The accurate and reliable sensory information is a prerequisite for the design of a closed-loop control system, especially when a human is in interaction with the machine in terms of “feeling the environment” or haptics [6]. The word haptic originates from the Greek word haptikos (πτικς) and is related to the sense of touch. This is nowadays particularly important in rehabilitation of patients suffering from stroke. In combination with virtual reality technologies, an upper extremity, and balance, grasping of hand rehabilitation devices can be designed [6]. The haptic robots serving for various rehabilitation purposes are usually complex and intended for the use in clinical environment. However, their simplified passive versions or simple rehabilitation aids equipped with inertial sensory systems are already part of the telerehabilitation systems in function in patients’ homes [3] or smart homes. These premises are often well equipped with information-communication technologies and the patients can take full advantage of remote treatment and testing of various novel technologies which may lead to the significant improvement of quality of life [7]. On the other hand, a technological progress, novel computation, and control methods that enable new approaches in rehabilitation medicine require constant clinical evaluation in order to find its way to the everyday clinical practice [8].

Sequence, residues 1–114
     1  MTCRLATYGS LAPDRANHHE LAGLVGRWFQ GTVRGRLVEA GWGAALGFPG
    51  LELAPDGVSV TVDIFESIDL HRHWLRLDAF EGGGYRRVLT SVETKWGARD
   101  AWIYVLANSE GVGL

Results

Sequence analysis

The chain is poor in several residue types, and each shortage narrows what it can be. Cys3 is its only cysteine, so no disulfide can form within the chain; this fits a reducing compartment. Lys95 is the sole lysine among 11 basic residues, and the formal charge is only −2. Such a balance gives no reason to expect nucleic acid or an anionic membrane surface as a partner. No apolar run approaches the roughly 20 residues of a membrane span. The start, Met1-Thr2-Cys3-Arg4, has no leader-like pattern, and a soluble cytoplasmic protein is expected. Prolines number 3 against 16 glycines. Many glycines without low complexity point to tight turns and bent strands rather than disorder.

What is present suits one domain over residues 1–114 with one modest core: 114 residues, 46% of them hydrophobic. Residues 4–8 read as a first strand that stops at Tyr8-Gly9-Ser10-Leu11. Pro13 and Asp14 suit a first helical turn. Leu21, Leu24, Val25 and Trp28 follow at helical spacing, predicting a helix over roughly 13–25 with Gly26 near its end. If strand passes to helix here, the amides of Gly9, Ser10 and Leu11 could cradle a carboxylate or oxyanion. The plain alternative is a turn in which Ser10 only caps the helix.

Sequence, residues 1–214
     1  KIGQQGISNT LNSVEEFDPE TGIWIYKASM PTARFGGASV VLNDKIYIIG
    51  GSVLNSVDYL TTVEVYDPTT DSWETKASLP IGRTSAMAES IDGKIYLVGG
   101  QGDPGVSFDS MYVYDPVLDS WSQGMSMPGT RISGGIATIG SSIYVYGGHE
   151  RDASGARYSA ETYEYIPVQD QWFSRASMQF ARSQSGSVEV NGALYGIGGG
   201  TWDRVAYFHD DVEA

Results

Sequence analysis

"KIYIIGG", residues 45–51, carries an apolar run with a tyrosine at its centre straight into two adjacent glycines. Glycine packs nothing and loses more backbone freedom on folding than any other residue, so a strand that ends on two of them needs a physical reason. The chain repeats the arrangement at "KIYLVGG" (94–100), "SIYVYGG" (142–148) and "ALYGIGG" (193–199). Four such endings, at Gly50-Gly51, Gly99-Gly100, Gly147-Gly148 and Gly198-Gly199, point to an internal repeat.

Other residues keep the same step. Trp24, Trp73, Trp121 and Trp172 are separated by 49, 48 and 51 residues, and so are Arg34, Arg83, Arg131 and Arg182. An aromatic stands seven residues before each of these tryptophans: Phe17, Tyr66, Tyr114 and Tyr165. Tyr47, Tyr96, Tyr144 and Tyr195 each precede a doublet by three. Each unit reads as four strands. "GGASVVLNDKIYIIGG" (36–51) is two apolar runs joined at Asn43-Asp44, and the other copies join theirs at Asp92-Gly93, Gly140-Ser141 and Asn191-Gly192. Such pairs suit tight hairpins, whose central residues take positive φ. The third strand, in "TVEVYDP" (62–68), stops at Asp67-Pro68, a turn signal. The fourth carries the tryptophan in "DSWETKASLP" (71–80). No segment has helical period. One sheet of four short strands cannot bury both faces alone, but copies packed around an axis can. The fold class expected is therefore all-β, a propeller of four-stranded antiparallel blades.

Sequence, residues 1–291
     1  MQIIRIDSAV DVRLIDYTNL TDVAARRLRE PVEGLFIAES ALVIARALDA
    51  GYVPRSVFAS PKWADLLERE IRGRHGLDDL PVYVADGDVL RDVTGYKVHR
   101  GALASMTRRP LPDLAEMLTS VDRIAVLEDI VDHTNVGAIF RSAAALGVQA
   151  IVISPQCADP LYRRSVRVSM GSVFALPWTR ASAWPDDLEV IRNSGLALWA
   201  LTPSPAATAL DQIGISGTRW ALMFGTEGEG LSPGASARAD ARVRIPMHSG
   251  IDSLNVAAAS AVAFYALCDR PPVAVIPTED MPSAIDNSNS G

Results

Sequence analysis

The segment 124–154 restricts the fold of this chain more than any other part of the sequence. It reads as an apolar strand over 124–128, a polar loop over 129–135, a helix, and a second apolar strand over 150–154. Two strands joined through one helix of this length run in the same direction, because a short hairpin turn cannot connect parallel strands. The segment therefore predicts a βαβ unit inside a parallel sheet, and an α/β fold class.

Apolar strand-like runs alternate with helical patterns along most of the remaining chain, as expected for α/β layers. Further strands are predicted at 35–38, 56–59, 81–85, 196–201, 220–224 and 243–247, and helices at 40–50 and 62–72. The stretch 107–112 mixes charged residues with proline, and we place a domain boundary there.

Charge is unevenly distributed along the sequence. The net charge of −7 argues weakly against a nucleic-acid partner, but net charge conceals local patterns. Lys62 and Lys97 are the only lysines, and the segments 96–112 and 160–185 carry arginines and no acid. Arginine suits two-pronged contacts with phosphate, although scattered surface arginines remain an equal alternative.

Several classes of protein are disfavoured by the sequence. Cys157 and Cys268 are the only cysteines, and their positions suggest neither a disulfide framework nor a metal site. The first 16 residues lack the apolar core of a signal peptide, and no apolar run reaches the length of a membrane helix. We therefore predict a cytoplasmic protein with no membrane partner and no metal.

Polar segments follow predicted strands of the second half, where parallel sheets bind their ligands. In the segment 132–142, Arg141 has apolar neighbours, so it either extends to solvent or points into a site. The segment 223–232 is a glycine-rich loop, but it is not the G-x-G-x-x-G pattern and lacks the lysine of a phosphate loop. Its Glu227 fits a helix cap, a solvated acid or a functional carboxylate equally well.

We hope the readers of the Journal of Computational and Mathematical Methods in Medicine will find in this special issue solid theoretical and technological solutions as well as their possible applications in the rehabilitation medicine. However, we would like to encourage the readers to raise new research questions and issues which will significantly contribute to the development and rapid uptake of technologies in rehabilitation medicine.

Imre Cikajlo
Takashi Watanabe
Strahinja Dosen


  1. D. Erol and N. Sarkar, “Coordinated control of assistive robotic devices for activities of daily living tasks,” IEEE Transactions on Neural Systems and Rehabilitation Engineering, vol. 16, no. 3, pp. 278–285, 2008. View at Publisher · View at Google Scholar · View at Scopus